There were no indications on Sept. 25 that we were watching a preview of the SEC Championship Game. South Carolina's 3-0 start could be chalked up to a schedule that included enough challenges in Southern Miss and Georgia to show that they might have a solid team, but nothing that suggested that there was much substance behind the annual hype that this might be "the year" for the Gamecocks. And Auburn and Cam Newton were talented -- but they were still coached by Mr. 5-19, coming off an okay 8-5 season, with an annihilation of Arkansas State and a pair of three-point wins against Mississippi State and Clemson on their resume.
These were two good teams. One of them might even compete for a divisional title before losing against the favorites in Gainesville and Tuscaloosa. But it was only a matter of time before order was restored in the East and West and we were back to our regularly-scheduled title bout.
And yet the team that will be wearing a red uniform this week will be the Gamecocks. And the team wearing some blue and orange will be the Tigers. And no one is quite sure how we got here.
Sure, we know the dates and the times and the scores. We know when Alabama and Florida lost, when the divisions were locked up by the underdogs, when the wheels came off for the favorites to return to Atlanta. But the twin collapses in Gainesville and Tuscaloosa were so unforeseeable, and really unprecedented, that it's no wonder they caught us by surprise. Have two teams ever been such heavy favorites -- and even with its offensive makeover, Florida was still seen as the class of the East -- only to have neither make the Championship Game? And has one of the replacement contenders ever been so unlikely?
In some ways, this game is not really a rematch. Sure, the players and the teams on the field are the same, but the stakes are much higher and the competitors viewed much differently than they were two and a half months ago. South Carolina would lose the game at Auburn in such heartbreaking fashion that you wondered if their season would ever recover. Earlier editions of the Gamecocks would have folded up and ended the year 7-5, off to another bowl game in Birmingham or Memphis. That's what South Carolina does.
Instead, this team followed up that loss by upsetting Alabama convincingly. They lost to Kentucky -- then bounced back to defeat Vanderbilt and Tennessee, two teams that have given the Gamecocks trouble even in down years. They got shellacked at home by Arkansas to start November, and it looked like the inevitable November slump was in progress.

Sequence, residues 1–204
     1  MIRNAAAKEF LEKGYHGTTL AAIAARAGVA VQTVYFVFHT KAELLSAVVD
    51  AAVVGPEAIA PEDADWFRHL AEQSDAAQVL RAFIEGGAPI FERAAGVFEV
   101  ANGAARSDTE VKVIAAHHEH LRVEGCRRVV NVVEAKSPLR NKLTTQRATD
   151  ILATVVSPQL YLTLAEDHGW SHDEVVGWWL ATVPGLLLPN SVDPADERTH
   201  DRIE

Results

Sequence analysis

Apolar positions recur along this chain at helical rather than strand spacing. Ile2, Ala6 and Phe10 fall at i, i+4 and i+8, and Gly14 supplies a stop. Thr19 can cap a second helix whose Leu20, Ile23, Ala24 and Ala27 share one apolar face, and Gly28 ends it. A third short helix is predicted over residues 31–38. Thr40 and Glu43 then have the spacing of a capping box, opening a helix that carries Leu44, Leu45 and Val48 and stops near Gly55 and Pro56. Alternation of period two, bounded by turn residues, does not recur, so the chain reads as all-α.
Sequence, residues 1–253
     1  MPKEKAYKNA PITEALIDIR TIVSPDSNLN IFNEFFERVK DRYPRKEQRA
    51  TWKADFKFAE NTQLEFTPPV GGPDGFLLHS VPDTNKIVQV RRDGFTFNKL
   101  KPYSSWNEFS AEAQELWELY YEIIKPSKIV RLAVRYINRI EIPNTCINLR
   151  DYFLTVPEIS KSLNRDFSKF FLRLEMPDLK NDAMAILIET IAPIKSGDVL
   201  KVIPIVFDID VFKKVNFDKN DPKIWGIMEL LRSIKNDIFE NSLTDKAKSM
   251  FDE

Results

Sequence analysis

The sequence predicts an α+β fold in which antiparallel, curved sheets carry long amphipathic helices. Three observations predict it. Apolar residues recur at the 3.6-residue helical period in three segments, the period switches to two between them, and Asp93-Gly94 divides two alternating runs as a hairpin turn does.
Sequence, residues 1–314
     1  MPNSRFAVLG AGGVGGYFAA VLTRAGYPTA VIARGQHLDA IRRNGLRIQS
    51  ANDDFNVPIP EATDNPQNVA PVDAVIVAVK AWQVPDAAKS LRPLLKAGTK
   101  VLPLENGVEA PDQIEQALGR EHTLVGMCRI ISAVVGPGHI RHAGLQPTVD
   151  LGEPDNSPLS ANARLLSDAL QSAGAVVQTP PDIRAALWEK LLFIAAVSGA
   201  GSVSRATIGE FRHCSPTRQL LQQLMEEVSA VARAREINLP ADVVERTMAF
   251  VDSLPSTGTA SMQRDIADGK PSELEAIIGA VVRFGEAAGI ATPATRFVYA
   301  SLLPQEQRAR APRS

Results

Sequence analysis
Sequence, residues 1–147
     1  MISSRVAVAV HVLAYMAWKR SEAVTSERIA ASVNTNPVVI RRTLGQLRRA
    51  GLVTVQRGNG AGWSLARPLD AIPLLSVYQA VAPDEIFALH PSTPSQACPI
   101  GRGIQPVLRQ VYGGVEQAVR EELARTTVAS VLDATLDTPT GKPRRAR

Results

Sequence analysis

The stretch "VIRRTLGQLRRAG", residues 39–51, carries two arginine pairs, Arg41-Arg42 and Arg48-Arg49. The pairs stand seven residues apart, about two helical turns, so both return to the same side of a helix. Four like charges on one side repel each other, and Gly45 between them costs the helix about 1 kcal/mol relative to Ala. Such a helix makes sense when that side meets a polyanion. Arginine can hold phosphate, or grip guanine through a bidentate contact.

But it never happened. The next week, South Carolina won for the first time ever at the Swamp. And for the first time since 2001, the Gamecocks never went on a losing streak. A team known for watching its season slip away at the first sign of adversity was instead the picture of resilience. "New Carolina," indeed.
The Tigers, meanwhile, kept winning. They nearly gave up leads, they rallied from a deficit, but they always won, with the magnetic smile of Cam Newton leading the way.
When adversity came for Auburn, it was not an opponent on the field. Instead, it was the NCAA and questions about how the Tigers had convinced this singular athletic talent to come to the Plains. We all know the Cam Newton story well enough not to have to repeat it here. But what was amazing is how the Tigers and Newton responded to the charges: They seemed to just get better. Whether it was motivational fuel or a noise that they were able to block out, the investigations and stream of negative reports would not derail the Tigers' magical season.
Meanwhile, the Heisman campaign that began against South Carolina continued through the rest of the year. Newton's game against South Carolina marked only the second time he had rushed for more than 150 yards (176) -- the other time was against Arkansas State. He would pass that mark four more times against SEC defenses. In all, he would pile up 3,590 yards and account for 43 TDs -- including one off of a 22-yard reception. He had a 22-yard punt.
And when it mattered most, with his team's chance at a clear shot to the national championship on the line, Newton rallied his team from down 24-0 to a one-point Iron Bowl win. If it wasn't more than we expected from Auburn, it was only because we had come to expect so much.
So what do we make of these teams now?
South Carolina might still have some big issues in the secondary -- Florida and Clemson aren't exactly the Colts, and so it's hard to tell the difference between the Gamecocks' success and their opponents' miscues. And Newton is the rare dual-threat quarterback who less a running back who can play quarterback and more a quarterback who could play running back.
But Auburn seems to be living on borrowed time, and the South Carolina fan in me wants to believe that time is about to run out. How many times can Auburn climb out of a multiple-touchdown hole? And how many times has the same team defeated Steve Spurrier twice in one season? (The answer, at least in the SEC, is once. Alabama did it in 1999, in another championship game rematch.)
With Cam Newton leading the way, I like their chances. Stephen Garcia is better than you think, Marcus Lattimore is easily the freshman of the year, and Alshon Jeffery is as good as advertised.
Unfortunately for the Gamecocks, so is Newton.
Auburn 34, South Carolina 30